Shortly before 6pm on Wednesday 12 July 2017, Ricardo Nascimento, a homeless man in Brazil who made a living by collecting and recycling waste got into a heated discussion with two military police officers outside a pizzeria. Nascimento was holding a piece of wood and when he refused to drop it, the officers shot him twice in the chest. The 39-year-old died instantly.
Seven days later, a celebratory mass was held in Nascimento’s name at one of the biggest church in Sao Paulo, Brazil. It was the first time that a mass of that proportion had ever been held in the name of a homeless black waste collector.
Brazil is all set to build a monument with the help of an NGO called Minha Sampa. This monument will be a homage to the invisible heroes who work so hard for the city and have never had their work recognized. It was after this incident that majority of the world started looking into the waste picker community’s problems.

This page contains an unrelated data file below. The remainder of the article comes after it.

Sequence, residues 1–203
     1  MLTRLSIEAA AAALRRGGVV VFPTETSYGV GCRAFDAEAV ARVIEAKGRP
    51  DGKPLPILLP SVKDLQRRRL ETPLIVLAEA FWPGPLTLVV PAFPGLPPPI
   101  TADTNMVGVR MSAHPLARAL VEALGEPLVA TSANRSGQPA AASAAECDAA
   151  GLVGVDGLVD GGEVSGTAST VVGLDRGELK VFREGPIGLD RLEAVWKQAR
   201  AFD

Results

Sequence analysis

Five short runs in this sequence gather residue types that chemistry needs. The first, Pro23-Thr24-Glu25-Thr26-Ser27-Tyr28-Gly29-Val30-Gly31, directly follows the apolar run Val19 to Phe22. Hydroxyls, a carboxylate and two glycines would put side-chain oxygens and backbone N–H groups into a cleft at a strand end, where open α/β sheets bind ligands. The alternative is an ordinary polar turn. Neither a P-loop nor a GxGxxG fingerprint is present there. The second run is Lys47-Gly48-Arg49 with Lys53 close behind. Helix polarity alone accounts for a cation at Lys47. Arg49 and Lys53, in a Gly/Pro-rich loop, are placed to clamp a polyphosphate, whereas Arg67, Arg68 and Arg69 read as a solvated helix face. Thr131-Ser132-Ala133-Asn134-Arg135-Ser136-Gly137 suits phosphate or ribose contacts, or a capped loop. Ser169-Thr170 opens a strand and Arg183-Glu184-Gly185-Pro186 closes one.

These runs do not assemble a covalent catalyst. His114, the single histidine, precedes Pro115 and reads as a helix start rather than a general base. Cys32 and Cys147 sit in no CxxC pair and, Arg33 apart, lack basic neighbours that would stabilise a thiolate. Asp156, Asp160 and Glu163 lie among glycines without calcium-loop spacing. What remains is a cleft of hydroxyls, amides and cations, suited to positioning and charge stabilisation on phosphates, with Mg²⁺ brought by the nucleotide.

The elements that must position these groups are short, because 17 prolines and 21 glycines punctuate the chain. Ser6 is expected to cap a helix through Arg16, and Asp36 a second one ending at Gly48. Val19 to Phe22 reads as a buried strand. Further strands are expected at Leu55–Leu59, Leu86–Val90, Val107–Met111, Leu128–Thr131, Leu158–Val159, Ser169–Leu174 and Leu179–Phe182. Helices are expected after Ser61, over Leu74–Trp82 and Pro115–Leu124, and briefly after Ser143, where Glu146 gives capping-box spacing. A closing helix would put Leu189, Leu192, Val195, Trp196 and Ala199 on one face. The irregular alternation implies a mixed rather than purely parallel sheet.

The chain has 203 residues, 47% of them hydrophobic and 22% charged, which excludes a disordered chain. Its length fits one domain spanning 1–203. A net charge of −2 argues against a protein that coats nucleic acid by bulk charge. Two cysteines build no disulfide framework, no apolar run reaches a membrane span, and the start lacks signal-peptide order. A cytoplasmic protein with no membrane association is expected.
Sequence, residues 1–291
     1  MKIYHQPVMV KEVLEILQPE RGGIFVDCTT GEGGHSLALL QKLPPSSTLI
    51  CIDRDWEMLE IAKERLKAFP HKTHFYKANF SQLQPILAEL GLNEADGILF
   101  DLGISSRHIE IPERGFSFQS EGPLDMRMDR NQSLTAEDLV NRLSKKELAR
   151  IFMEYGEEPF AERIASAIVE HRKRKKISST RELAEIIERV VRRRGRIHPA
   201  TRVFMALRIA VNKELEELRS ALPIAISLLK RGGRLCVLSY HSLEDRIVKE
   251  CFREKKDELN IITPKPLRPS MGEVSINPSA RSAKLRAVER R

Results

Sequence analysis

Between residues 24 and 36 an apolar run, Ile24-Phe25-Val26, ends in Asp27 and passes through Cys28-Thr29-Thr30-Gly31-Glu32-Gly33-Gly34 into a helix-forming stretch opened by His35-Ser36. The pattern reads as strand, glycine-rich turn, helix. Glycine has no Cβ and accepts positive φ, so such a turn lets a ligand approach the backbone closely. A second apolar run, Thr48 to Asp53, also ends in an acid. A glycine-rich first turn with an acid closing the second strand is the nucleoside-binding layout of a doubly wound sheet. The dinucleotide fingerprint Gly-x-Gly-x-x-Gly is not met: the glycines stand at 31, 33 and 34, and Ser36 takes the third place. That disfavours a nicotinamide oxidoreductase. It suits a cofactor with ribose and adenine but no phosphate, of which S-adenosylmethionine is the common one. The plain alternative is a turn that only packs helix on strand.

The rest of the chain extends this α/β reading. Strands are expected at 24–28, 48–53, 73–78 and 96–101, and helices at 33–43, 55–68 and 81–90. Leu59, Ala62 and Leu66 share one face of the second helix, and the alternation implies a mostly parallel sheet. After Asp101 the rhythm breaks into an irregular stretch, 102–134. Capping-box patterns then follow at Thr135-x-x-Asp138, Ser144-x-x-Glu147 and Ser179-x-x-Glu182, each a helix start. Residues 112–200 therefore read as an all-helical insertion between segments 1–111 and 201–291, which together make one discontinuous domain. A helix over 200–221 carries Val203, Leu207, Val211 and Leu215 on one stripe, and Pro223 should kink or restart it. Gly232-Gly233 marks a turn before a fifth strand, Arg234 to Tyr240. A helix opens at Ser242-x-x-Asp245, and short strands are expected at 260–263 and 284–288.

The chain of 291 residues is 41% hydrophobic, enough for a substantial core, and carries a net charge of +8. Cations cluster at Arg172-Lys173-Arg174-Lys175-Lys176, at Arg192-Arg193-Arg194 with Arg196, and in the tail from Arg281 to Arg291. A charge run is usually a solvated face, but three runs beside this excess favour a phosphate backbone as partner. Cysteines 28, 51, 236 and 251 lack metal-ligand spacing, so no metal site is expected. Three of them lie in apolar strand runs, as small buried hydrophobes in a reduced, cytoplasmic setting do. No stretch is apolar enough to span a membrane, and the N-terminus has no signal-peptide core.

In many countries, government and business have been struggling to implement sustainable practices conducive to the large-scale recycling of plastics. While waste pickers around the world continue to work in precarious situations, a significant body of literature has unveiled the benefits of the informal sector in closing the waste management cycle, despite being considered a marginalized group and using simple techniques and equipment.
To all the clean streets and less waste ending up in the landfills, majority of the credits go to the waste pickers and recyclers. Most of us have identified their importance and many NGO’s/corporations are working toward their welfare because a world without them is far beyond imagination.